Her daughter was just 3 years old when Rayda Renshaw found herself homeless for the first time.
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She had a job but she didn't have any money saved to pay rent. A living situation with her sister turned sour and she had no other place to go but the streets.
"My daughter and I spent two summers homeless here in town, and we've been struggling for many years just because I have been having a hard time balancing supporting us and being a mom," Renshaw said.
Nowadays, things are looking a little better for Renshaw, who is 50. She holds a job as an accounting clerk at a state agency. Her daughter Emma is now 13, and they live in an apartment on Douglas Island with the help of a federally subsidized housing voucher.
About 292 people are waiting for such vouchers in Juneau. They help cover up to $900 in rent, depending on the income of the person. The fair market value for a two-bedroom apartment here is $1,091. People who are already homeless or victims of domestic violence, and families with children are automatically bumped to the top of the list.
A recent meeting about the fate of Juneau's vouchers has some homeless advocates worried. They say there's a communication gap between Juneau and the Alaska Housing and Finance Corp., a state-owned, for-profit corporation that manages the vouchers and handles other business such as low-interest home mortgages.
Inquiries by the Juneau Empire resulted in conflicting information. One day, the corporation said the number of vouchers was declining. A few days later, the corporation said the number appeared to be going up.
"I understand there will be a reduced number and we are working with the communities on that," said Wes Weir, director of the public housing division at the corporation, last week.
On Monday, however, Weir said, "Right now, we are not making any effort to increase or decrease the vouchers there. The normal market is moving toward an increase right now."
That's the type of inconsistent information that's leaving Juneau's homeless advocates at a loss for how to proceed, said Daniel Ungier with United Way. The organization just hired a full-time staff person to help people who have vouchers find suitable apartments.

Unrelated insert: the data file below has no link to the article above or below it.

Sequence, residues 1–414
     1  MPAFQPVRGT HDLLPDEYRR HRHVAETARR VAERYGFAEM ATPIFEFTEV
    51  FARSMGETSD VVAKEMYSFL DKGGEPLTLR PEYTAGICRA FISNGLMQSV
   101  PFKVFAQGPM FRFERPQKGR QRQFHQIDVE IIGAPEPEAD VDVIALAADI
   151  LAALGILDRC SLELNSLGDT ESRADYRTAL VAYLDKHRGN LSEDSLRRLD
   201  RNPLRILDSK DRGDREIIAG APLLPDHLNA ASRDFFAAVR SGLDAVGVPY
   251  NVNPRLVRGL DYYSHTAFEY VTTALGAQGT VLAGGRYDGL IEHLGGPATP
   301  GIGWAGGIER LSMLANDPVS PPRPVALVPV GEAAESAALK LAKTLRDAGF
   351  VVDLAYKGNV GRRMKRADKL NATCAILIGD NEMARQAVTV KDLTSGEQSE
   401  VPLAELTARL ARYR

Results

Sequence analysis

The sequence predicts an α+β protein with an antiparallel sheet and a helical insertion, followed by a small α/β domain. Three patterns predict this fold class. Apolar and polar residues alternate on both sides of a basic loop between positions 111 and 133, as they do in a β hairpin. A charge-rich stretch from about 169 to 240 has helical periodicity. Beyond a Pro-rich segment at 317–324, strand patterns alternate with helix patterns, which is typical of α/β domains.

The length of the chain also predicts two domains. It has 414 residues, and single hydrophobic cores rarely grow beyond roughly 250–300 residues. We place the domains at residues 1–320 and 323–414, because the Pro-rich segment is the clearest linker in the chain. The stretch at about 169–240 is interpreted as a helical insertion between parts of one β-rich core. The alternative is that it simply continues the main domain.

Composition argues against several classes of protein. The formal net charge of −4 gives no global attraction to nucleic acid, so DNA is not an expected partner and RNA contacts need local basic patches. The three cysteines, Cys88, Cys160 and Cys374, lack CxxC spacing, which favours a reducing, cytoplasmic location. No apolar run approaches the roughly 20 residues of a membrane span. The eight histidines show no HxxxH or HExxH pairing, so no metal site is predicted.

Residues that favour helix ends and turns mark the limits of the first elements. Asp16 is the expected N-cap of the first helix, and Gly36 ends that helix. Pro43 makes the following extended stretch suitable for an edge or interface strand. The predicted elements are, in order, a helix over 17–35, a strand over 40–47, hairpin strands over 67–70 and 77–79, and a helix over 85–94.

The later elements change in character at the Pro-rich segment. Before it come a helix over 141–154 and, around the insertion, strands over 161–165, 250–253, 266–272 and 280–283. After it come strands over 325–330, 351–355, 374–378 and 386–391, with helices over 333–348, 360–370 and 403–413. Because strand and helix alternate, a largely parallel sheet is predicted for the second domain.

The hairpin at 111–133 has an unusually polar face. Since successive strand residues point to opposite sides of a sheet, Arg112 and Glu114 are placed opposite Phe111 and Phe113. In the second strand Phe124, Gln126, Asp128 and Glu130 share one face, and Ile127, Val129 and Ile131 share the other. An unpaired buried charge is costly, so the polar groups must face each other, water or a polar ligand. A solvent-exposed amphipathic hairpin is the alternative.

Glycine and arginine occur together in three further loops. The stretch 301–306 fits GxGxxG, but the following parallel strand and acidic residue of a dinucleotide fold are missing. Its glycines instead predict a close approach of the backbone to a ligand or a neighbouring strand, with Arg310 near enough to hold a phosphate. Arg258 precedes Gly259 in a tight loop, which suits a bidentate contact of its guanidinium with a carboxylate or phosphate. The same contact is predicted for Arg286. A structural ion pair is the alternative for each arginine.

"Juneau is not getting a clear picture of what's going on with our voucher allocation and that prevents us from being able to plan appropriate housing for our residents," Ungier said.
Dan Austin with St. Vincent de Paul said the corporation informed them in an August meeting that 50 vouchers on loan from Anchorage would be returned over time because Juneau's lower end housing market is saturated.
Kim Kiefer, deputy city manager and the city's liaison to the Affordable Housing Commission, left the same meeting with the same impression, that Juneau would lose 50 vouchers to Anchorage through attrition. They would not be taken away from anyone, just removed from the community as people give them up.
"We are now saying this is a piece of the affordable housing situation that we want to know about," Kiefer said. "When we met with AHFC in August, the message was, the vouchers are going down. That's the last notification I've received from AHFC. If things have changed, I haven't been notified of that from AHFC."
This week, Weir said the corporation said "no such thing" regarding the 50 vouchers. The fate of the vouchers on loan from Anchorage is unknown, he said.
"It's wait and see. We'll look at how rapidly they are turning around and so on. That's the best I can tell you. We don't know. We'll let the market dictate how we allocate those," Weir said, adding that communication can always be better, and that's whyAHFC met with nonprofits and the city in August.
As of Monday, there were 350 people using a voucher to rent in Juneau. Another eight have a voucher in hand and are shopping for a suitable apartment. And another 20 have been notified they qualify and could receive vouchers in the next few weeks.
Austin said the trend across America in addressing poverty and homelessness is to find housing first, then address substance abuse, joblessness or mental illness. He said it's a lot less expensive to subsidize such housing than it is to pay for time in jail, treatment centers or emergency rooms, where homeless people often end up.
The Affordable Housing Commission formed this year and Juneau Homeless Coalition formed in 2002 to tackle the issue.
"We have a plan to end homelessness in 10 years. It is eight years, nine months and 27 days. That's how much time we have left and we can do it," Austin said.
As for Renshaw, she'll give up her voucher soon, because a family member is moving in and their combined incomes will take her out of the qualification bracket.
She's pleased she was able to choose her own apartment, as opposed to renting in a designated low-income building, because she thinks the environment is better for her daughter. She worries, however, about landlords who refuse tenants with vouchers, often called "Section 8" for their former federal name. Renshaw said landlords often don't realize voucher holders can't qualify if they've been evicted in the past for being a bad tenant.
"Juneau is a hard place to be homeless, and the hardest part is the prejudice that landlords have toward Section 8," Renshaw said. "Sometimes people who are homeless, they just need a place to get out of the weather until they get the money to get into a place."